Kraft Foods recently entered into a license agreement with McDonald’s to deliver McCafé Coffee to a supermarket near you. While there’s nothing wrong with McDonald’s making or selling coffee, translating a brand into licensing requires the right pricing strategy. And McDonald’s has got that pricing wrong.
Even more surprising, so have most of the other coffee-house brands that are now selling supermarket coffee, too.
IMC’s own Shawn Walter identified this disconnect with some recent thoughts on the connection between brands and how they price their licensing products. Based on Shawn’s ideas we ran a survey with our Vibrant Nation community this week to see if consumers agreed. It turns out they do.
People think McDonald’s is Cheap. People think Starbucks is Expensive. We asked consumers to guess the price of each brand of coffee.
We showed consumers five roasted coffee brands that originated at coffee shops. We also showed them five actual prices, from $5.88/pound to $10.88/pound. 54% of respondents said that the cheapest coffee was McCafé and 54% said the most expensive coffee was Starbucks. Both groups got it wrong.
McDonalds has announced that its McCafé coffee from Kraft will be priced at $7.29/pound, right in the middle of the brand prices brands we included (those prices could change before launch, but given rising coffee prices it is unlikely they will go down). But in the restaurant, McCafé is by far the cheapest, at just over $1 per cup. These low prices lead consumers to expect a comparable pricing in supermarkets, yet McDonald’s has the greatest difference between its in-store price/cup and its pricing for roasted coffee. It looks like McDonald’s and Kraft are making a mistake.
Consumers also guessed that Starbucks was the most expensive supermarket coffee brand even though it is $2/pound cheaper than Peet’s. Starbucks could possibly be charging even more for its roasted coffee.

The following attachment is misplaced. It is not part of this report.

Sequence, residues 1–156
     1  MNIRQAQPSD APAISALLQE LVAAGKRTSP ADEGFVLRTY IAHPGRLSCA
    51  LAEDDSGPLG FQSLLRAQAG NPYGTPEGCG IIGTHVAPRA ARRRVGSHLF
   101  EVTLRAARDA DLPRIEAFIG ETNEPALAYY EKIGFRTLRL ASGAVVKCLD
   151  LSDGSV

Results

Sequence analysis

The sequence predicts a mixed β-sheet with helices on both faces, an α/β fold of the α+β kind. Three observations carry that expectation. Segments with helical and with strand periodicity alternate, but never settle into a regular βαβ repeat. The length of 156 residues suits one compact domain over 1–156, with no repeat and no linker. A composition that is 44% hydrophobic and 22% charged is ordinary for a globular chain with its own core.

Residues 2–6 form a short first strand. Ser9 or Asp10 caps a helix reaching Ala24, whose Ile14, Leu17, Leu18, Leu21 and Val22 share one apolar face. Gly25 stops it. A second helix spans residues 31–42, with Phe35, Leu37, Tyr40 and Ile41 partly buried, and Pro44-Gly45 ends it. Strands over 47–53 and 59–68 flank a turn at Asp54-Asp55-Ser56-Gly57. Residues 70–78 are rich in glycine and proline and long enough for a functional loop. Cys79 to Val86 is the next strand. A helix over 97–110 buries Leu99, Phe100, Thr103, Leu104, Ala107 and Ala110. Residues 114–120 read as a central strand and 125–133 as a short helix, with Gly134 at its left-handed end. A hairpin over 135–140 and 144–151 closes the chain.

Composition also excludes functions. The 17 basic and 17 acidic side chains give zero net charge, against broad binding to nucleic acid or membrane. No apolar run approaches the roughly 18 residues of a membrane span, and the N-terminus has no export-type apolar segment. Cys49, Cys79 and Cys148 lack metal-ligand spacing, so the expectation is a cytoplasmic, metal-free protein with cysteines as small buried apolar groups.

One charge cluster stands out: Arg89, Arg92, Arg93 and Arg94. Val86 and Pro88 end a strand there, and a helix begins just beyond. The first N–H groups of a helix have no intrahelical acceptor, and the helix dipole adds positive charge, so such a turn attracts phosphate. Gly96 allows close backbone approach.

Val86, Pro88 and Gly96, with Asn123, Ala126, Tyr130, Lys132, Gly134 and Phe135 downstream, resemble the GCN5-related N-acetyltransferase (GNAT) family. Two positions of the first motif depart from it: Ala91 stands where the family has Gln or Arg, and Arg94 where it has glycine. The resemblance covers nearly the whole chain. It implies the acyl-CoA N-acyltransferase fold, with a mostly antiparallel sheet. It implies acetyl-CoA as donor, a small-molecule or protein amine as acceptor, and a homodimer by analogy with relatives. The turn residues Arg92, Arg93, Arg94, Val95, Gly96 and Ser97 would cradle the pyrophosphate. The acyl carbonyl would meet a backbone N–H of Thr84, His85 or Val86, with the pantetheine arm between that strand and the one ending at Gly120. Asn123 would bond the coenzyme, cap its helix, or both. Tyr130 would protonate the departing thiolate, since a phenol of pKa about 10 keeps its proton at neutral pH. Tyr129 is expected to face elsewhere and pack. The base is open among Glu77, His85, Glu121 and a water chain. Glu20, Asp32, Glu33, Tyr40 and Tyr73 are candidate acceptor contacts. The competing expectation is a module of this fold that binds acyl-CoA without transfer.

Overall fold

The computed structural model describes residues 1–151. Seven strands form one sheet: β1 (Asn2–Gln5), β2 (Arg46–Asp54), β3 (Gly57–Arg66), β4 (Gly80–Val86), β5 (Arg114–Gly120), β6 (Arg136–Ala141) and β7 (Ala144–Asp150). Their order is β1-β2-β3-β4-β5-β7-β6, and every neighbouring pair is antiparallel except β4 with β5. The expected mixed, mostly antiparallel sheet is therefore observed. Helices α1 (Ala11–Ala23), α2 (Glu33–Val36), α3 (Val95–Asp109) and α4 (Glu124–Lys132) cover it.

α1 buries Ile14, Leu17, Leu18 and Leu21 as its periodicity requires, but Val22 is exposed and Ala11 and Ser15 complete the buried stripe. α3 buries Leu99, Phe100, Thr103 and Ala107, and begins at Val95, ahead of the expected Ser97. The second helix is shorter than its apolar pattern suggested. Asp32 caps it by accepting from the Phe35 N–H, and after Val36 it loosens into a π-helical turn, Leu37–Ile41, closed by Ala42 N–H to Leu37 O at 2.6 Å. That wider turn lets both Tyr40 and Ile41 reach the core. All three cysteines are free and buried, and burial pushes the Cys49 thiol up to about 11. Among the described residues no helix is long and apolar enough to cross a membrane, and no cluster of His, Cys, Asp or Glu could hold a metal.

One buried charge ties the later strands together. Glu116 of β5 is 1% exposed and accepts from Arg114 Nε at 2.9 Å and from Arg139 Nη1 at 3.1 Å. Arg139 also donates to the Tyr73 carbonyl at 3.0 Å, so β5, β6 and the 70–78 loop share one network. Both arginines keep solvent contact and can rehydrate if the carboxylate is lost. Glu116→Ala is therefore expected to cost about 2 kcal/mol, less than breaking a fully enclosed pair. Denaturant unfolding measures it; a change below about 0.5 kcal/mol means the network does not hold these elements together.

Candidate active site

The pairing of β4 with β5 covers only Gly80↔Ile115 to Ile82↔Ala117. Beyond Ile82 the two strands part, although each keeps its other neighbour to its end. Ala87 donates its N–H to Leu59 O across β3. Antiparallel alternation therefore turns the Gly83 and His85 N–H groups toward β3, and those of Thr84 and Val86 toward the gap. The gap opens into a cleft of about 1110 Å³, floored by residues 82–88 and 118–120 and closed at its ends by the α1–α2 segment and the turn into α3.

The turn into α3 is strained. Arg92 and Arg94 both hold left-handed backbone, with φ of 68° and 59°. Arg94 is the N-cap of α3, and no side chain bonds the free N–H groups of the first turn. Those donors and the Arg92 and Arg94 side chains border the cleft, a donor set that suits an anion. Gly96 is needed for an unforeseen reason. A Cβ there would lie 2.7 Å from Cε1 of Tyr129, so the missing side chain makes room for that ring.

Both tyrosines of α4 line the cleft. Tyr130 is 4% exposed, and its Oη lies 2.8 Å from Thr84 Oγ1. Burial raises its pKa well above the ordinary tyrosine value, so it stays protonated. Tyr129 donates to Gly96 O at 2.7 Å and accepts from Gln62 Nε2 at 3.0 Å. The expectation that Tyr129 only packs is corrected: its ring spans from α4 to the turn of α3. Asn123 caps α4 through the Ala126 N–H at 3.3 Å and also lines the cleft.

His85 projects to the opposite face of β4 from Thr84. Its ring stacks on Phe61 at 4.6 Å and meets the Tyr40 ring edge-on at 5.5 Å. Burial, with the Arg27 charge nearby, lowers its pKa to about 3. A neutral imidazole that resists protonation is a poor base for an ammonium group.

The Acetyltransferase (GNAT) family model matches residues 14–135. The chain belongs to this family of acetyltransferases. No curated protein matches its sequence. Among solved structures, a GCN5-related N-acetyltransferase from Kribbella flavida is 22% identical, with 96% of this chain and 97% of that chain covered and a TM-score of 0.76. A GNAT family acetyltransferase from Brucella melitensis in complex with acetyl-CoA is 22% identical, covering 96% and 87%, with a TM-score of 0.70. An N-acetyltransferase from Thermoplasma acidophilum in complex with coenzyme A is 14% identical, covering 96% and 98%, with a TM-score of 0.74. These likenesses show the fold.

Starbucks also owns the Seattle’s Best Coffee brand, for which it should probably be charging less, maybe because most national shoppers don’t know it well enough. Seattle’s Best has the lowest price per pound of the five brands we surveyed, yet few consumers guessed that. Most of them thought it was priced just about average among coffee-house brands. For its own strategic reasons (because it needs to offer a premium and a value offering), Starbucks may be pricing this brand lower than it deserves.
Everyone understands Dunkin Donuts. No one understands Peet’s.
There was one coffee-shop brand whose roasted-coffee pricing actually matched consumer expectations: Dunkin Donuts. Priced right in the middle of the pack (2nd lowest, but just below the median price), most consumers actually guessed its pricing correctly. Almost none guessed it was the lowest-priced brand; even fewer guessed it was the highest-priced brand. Consumers appear to understand Dunkin as a high-quality, mid-priced brand, and the brand’s own offerings confirm that understanding.
Peet’s is another story. At $10.88/pound, the specialty coffee chain is the highest-priced coffee offering in supermarkets. There’s nothing wrong with high pricing if consumers understand it, but consumer feedback suggest that Peet’s either has to narrow its focus to the consumers who understand it, or lower its retail pricing to conform to the positioning that most consumers expect from it.
Translating Brands into Pricing Strategies Isn’t Easy
Our research confirms that even smart companies don’t always understand how to price their brands in new channels and categories. Roasted pounds of coffee are a very different category from coffee-shop cups of coffee, but not to consumers. The brands that started by getting us to pay for their products from baristas need to think harder about what we’re willing to pay for their same products at the supermarket.